Remember when Liverpool captain Steven Gerrard was on the verge of moving to Chelsea in 2005? Despite having been a Liverpool supporter his whole life, Gerrard admitted he considered it because he thought his club was some way off winning the Premiership title.
If such move would have gone through, the Blues would have signed one of the most complete midfielders in the world while Liverpool would probably have lost relevance in the title picture.
Perhaps now you can understand why JoÃÂ£o Moutinho moving to FC Porto is sending shockwaves through Portuguese football. In an unexpected move, the Dragons announced the signing of Sporting captain Moutinho Ã¢ÂÂ of whom Porto supremo Pinto da Costa had long expressed his admiration - for Ã¢ÂÂ¬10M plus young centre-back Nuno AndrÃÂ© Coelho, the biggest transfer between Portuguese clubs.
No matter what people from either side of the fence say, this a pivotal moment that will define one way or another both clubsÃ¢ÂÂ 2010/11 season. But letÃ¢ÂÂs try to put things in perspective and assess the move from three points of view: Porto, Sporting and Moutinho.
With this move, it seems clear they are about to sell Raul Meireles. The industrious midfielder enjoyed a poor domestic season, but was one of the best players for the SelecÃÂ§ÃÂ£o at the World Cup which is why Porto are more than willing to do business.
In Moutinho, they get a player four years his junior who happens to have more potential and versatility. It is quite a big investment in Portuguese football terms, but the fact they were so willing to do the deal signals how highly they think of him.
The player had stagnated at Sporting. Their youngest captain at the tender age of 20 and with more than 200 games for the Lions, Moutinho is yet to really fulfil the potential which saw Sporting reject bids of upwards of Ã¢ÂÂ¬15M for his services from the likes of Everton in recent years.
He may have renewed his contract after this interest from England and beyond, but his influence waned and he didnÃ¢ÂÂt seem as happy playing for the club and the relationship with the other players and the board appeared to have worsened.
The last straw was probably his omission from Carlos QueirozÃ¢ÂÂs World Cup squad and knowing he wouldnÃ¢ÂÂt play Champions League football in the 2010/2010 season, he decided it was time to seek a move away from the club. FC Porto is a good fit for him and he has the tools to become an even finer player.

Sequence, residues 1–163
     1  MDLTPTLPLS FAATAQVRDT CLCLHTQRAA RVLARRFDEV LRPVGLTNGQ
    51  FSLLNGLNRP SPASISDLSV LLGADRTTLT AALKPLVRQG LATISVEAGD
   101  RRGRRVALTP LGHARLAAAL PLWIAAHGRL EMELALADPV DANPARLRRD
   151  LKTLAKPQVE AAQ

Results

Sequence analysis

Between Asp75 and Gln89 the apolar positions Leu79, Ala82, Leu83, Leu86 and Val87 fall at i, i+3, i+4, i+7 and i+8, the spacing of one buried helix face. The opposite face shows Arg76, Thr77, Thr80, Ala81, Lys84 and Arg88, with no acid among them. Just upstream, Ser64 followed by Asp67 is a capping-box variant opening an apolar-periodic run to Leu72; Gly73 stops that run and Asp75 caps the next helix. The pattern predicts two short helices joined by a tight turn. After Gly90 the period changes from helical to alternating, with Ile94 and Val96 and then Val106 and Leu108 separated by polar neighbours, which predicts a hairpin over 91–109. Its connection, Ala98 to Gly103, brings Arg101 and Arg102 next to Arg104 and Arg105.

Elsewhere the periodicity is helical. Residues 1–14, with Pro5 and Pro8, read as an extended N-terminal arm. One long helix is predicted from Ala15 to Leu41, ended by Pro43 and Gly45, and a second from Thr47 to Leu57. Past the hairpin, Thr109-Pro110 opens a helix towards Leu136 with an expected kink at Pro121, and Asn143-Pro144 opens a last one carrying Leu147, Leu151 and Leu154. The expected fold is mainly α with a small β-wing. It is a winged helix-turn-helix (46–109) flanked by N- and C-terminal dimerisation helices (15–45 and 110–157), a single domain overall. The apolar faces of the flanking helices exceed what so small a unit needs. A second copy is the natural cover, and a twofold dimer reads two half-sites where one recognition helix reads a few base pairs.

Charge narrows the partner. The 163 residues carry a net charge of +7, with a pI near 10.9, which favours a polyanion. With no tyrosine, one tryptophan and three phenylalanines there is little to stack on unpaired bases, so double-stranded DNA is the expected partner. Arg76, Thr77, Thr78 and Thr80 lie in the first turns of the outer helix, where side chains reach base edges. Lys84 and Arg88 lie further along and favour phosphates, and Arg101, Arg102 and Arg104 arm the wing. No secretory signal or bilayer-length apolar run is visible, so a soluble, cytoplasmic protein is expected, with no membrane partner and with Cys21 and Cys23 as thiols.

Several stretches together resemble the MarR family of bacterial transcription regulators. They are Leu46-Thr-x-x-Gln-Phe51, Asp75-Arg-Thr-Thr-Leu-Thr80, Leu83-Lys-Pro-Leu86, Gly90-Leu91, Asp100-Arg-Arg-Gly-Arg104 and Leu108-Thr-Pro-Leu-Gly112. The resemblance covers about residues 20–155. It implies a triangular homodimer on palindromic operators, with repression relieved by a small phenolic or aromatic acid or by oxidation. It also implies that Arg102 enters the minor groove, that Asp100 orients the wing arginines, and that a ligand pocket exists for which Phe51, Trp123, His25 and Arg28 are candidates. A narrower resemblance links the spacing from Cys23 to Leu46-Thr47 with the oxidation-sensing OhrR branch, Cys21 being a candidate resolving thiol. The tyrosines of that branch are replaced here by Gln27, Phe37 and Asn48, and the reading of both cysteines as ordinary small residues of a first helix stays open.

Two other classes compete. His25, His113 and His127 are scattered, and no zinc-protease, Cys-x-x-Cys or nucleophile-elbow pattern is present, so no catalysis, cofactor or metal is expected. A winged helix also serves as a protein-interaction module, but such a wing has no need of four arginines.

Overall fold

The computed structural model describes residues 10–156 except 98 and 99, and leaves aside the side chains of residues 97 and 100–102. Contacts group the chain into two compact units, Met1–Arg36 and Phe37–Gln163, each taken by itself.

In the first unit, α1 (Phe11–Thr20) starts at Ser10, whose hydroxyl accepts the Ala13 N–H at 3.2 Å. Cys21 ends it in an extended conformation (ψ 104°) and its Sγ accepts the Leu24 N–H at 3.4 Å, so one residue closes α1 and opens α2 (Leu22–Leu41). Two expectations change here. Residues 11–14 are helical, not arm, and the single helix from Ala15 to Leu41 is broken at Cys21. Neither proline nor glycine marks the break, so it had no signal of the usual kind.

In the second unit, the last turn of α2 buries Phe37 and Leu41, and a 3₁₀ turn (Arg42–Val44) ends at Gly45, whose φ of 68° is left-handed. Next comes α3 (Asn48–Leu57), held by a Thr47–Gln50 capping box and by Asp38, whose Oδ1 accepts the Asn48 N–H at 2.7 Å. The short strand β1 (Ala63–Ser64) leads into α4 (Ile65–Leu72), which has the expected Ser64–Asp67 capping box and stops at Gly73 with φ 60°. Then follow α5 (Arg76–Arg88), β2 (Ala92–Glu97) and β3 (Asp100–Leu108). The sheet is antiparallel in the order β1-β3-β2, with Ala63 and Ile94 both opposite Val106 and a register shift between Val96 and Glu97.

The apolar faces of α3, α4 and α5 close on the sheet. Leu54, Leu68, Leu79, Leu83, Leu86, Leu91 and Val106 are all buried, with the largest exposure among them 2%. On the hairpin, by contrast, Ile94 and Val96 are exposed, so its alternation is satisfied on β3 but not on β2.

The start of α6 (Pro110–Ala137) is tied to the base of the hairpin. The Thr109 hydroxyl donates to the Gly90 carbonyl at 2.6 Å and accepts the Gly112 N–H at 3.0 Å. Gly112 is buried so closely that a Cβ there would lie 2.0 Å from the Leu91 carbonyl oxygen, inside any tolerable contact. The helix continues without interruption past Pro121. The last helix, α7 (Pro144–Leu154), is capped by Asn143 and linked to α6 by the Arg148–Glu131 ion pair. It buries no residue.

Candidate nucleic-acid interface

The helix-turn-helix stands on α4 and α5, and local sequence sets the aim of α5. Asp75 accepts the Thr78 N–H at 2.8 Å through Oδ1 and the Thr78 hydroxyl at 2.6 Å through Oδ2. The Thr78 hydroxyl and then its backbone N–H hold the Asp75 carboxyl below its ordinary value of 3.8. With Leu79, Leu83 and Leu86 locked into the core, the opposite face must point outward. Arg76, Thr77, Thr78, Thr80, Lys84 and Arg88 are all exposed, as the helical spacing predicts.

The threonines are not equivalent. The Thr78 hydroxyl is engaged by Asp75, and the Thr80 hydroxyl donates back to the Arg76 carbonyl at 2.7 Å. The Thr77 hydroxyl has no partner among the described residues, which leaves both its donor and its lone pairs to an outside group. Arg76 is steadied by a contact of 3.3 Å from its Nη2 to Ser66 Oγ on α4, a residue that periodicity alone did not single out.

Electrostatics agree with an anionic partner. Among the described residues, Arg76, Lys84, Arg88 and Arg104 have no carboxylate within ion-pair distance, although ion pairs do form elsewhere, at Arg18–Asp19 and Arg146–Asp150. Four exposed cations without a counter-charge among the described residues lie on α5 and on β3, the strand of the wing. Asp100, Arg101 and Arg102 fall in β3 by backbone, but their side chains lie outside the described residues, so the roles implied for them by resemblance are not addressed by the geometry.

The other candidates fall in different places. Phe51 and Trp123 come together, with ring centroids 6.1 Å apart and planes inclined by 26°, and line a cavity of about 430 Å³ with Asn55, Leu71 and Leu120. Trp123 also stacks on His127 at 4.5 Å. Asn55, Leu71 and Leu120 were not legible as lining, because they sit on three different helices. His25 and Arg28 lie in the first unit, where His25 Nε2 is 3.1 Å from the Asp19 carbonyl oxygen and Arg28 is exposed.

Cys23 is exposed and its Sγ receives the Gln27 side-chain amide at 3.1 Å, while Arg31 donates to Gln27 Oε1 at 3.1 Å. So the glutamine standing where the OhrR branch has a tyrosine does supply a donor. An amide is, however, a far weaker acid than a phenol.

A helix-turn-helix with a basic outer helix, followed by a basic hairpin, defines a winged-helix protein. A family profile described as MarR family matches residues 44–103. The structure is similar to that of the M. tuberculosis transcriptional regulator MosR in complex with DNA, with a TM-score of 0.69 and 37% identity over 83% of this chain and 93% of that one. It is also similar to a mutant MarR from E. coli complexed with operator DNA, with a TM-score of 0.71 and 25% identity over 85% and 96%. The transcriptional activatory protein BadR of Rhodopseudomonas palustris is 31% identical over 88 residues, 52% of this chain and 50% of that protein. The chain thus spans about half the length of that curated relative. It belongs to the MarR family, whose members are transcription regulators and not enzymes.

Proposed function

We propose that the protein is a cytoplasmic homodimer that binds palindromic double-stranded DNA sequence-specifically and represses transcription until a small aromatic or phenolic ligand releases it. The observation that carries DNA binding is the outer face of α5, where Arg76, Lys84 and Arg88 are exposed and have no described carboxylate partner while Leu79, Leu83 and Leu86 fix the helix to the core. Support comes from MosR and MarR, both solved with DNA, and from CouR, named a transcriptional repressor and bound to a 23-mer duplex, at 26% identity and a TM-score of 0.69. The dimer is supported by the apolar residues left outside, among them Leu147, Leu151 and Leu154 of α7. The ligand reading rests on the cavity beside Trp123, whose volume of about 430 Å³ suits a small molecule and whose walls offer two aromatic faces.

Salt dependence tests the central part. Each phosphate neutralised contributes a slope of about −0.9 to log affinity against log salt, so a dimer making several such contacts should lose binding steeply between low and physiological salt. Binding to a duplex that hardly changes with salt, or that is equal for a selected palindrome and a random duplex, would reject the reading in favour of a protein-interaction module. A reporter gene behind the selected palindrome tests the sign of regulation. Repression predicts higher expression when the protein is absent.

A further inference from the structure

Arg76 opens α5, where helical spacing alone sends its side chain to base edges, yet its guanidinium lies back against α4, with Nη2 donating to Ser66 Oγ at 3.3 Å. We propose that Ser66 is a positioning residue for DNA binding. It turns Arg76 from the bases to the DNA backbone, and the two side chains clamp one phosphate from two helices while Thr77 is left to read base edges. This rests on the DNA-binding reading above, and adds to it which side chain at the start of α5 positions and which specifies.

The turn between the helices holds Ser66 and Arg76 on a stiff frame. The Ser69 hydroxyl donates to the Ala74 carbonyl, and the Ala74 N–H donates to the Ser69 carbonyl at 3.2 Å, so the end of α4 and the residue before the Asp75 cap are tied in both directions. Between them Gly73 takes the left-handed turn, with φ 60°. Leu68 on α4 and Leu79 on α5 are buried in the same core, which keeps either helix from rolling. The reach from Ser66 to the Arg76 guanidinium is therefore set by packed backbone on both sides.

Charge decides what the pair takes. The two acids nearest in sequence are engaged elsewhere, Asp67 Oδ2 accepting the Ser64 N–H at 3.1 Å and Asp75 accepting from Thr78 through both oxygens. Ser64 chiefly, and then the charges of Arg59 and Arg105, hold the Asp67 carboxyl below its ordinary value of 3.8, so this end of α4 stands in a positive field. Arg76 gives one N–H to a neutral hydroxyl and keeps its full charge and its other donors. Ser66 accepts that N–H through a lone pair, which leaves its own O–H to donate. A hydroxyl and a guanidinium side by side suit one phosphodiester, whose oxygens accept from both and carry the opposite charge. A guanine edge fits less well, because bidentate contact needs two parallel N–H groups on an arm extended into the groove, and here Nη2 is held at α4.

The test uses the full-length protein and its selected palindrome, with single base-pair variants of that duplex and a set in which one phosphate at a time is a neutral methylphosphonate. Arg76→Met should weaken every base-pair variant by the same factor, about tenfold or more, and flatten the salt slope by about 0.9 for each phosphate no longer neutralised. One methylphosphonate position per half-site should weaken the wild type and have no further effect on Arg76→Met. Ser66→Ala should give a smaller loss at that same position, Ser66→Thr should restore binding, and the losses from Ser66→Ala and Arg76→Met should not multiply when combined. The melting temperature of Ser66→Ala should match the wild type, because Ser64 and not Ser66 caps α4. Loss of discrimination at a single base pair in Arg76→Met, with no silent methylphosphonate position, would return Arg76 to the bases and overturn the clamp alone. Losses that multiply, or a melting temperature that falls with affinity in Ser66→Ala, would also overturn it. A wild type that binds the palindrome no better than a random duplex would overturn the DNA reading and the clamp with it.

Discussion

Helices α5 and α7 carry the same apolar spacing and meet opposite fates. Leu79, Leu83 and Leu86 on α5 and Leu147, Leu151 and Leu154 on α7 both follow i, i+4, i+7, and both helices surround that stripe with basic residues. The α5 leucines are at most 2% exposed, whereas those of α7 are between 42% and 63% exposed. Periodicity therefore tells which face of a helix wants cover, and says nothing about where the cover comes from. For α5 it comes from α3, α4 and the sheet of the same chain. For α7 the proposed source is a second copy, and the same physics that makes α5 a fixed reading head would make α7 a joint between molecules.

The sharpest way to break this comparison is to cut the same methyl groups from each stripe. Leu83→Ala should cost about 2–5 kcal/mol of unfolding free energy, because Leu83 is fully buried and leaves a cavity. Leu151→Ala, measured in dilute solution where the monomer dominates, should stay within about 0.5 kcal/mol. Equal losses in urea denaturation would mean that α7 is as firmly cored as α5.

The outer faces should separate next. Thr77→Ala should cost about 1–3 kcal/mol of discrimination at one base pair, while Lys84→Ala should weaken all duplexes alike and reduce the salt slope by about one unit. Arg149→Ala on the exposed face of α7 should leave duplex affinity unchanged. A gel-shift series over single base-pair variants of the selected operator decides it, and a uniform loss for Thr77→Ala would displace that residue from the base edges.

As for the question Ã¢ÂÂShould he have looked elsewhere?Ã¢ÂÂ, the answer is not a straight forward one. A die-hard Sporting fan would liken his act to betrayal of biblical proportions, but a more rational observer would suggest few teams would offer him what Porto do. It is perhaps a question that needs to be reassessed in the future...
President Bettencourt and some of the people at the club are already pressing the Ã¢ÂÂdamage control buttonÃ¢ÂÂ and downplaying the sale of Moutinho. Make no mistake: it is a blow and it is a big one.
The supporters could understand selling an unsettled player to a foreign club, but to sell him to one of their fiercest rivals Ã¢ÂÂ even if both clubs have done business in the past Ã¢ÂÂ is an admission of inferiority. TheyÃ¢ÂÂve just lost their club captain and one of their youth academyÃ¢ÂÂs poster boys, and while publicly they say Ã¢ÂÂGood riddanceÃ¢ÂÂ, deep down they know theyÃ¢ÂÂll miss him.
Yes, theyÃ¢ÂÂre getting Ã¢ÂÂ¬10M and promising centre-back Nuno AndrÃÂ© Coelho who was highly regarded at Porto, but still one has to think how theyÃ¢ÂÂre planning to rebuild their squad. Bettencourt and Costinha may well be prepared for the backlash of this deal, because Moutinho will most likely be a success at Porto.
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